For Trump, Sessions' testimony was a reminder that the attorney general could do nothing for him on Russia other than answer lawmakers' questions; he was no longer a useful ally.
Five weeks later, in an interview with the New York Times, Trump's hostility exploded into public view. He told a group of reporters that if he had known Sessions would recuse himself, he would never have chosen him as attorney general.
Trump's tirade continued for days on Twitter, where he pronounced Sessions "beleaguered" and "very weak"; at a news conference in the Rose Garden with the Lebanese prime minister, where the president described himself as "disappointed" in Sessions; and in the Wall Street Journal, where he mocked Sessions' loyalty to him during the campaign, saying he just liked the large crowds at rallies.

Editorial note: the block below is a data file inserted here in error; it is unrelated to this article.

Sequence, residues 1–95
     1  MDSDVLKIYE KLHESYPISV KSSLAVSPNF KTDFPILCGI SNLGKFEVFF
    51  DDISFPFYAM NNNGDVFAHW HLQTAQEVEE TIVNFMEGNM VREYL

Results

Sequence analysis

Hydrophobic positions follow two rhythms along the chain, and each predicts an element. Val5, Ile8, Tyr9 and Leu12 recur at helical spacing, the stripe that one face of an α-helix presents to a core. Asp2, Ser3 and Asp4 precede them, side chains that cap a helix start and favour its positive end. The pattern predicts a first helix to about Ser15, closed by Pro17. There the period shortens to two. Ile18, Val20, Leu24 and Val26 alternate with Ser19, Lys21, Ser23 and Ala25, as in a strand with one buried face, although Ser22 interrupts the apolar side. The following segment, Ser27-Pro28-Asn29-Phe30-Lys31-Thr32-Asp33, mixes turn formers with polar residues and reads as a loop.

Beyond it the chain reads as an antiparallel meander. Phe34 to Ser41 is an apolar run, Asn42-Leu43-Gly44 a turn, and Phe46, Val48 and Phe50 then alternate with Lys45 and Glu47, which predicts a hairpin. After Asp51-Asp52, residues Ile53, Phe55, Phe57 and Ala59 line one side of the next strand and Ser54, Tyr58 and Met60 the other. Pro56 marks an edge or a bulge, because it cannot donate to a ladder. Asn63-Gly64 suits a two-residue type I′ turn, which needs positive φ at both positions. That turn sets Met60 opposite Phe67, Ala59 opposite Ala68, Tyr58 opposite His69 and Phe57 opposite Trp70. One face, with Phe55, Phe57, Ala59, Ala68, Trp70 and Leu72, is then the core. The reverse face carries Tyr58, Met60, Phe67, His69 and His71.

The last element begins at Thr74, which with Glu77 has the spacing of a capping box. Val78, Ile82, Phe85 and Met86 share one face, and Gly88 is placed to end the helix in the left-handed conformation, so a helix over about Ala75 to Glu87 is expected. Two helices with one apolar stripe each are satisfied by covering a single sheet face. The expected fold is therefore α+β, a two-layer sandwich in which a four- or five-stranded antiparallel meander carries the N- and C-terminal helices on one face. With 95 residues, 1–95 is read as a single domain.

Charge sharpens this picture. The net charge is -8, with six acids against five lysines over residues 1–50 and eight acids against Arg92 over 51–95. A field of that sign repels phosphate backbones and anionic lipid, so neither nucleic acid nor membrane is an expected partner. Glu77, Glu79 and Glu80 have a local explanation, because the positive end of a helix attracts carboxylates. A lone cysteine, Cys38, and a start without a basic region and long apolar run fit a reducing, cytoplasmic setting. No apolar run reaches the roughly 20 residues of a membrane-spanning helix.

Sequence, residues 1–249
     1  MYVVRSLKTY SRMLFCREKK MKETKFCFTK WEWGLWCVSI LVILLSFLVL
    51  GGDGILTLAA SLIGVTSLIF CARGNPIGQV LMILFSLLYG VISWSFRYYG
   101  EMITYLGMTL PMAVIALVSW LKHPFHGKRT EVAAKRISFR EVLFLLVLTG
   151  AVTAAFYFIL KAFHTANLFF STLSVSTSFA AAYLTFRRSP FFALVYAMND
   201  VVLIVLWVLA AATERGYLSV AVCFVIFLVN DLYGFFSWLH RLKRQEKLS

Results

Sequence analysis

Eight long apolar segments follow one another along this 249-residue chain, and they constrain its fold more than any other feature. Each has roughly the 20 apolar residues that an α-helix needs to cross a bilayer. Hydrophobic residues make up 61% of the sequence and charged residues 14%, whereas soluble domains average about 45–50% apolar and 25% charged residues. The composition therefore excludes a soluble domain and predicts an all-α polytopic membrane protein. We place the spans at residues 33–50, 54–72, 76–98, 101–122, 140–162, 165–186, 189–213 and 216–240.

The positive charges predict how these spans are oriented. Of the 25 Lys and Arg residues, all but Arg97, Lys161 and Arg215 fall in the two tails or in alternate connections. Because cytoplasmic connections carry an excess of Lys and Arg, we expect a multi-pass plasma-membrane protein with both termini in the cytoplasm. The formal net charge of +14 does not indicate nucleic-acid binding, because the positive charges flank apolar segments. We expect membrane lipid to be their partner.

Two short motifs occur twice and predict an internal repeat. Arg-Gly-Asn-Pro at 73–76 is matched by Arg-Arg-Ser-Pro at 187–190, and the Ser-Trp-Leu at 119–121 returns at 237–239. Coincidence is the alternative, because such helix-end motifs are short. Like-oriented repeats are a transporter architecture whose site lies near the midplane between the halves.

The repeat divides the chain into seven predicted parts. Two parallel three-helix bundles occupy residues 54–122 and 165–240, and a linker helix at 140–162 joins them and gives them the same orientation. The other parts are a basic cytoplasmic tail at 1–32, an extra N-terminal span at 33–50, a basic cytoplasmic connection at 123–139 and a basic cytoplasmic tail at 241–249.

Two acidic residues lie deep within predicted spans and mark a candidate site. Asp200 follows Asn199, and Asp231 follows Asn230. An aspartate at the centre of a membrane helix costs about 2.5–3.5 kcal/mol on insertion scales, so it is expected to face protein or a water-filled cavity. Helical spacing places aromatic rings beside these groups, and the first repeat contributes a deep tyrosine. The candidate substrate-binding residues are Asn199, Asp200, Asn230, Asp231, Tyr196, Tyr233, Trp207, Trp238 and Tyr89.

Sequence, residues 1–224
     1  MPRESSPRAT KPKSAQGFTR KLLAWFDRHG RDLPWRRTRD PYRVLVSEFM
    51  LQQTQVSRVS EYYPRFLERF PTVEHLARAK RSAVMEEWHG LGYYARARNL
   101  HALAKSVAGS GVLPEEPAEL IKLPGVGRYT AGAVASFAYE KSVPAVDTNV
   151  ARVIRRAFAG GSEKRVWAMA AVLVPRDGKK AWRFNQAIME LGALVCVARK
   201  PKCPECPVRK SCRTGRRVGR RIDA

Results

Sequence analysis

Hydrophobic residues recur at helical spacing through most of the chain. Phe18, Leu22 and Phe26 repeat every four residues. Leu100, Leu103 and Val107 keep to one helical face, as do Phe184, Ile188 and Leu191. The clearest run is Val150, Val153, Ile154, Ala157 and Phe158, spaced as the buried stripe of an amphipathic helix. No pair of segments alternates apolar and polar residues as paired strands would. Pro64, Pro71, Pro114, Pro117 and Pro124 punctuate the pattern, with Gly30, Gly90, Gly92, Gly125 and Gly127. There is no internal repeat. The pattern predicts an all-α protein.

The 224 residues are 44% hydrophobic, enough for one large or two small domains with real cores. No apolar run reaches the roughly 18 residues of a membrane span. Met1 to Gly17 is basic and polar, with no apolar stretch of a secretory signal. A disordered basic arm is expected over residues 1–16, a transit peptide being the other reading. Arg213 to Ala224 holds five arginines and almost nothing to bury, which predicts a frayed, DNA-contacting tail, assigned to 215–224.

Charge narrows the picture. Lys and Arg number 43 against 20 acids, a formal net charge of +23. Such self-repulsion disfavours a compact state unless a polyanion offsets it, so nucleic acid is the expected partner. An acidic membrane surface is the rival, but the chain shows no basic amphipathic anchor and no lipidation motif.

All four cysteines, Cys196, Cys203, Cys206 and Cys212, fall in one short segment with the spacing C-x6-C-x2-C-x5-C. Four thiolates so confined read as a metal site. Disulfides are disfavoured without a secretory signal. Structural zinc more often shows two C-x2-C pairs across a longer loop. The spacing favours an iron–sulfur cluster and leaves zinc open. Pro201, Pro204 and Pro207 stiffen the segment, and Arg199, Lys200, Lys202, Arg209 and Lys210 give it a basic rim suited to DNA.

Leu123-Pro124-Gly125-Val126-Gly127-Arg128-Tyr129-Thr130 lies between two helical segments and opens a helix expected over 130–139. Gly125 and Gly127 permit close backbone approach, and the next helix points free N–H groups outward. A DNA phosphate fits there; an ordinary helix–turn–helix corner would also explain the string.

"I appointed a man to a position and then shortly after he gets the position, he recused himself," Trump told the Wall Street Journal. "I said, 'What's that all about? Why didn't you tell me that you were going to do that? And I wouldn't have appointed you.' "
Peter Wehner, a former adviser to President George W. Bush and senior fellow at the Ethics and Public Policy Center, a conservative think tank, said "it's very rare for a president to lash out at a Cabinet member like Trump has been doing."
"We've never seen anything that's reached this level of contempt - this twisting in the wind, the knife going in and out, in and out, over and over again," Wehner said.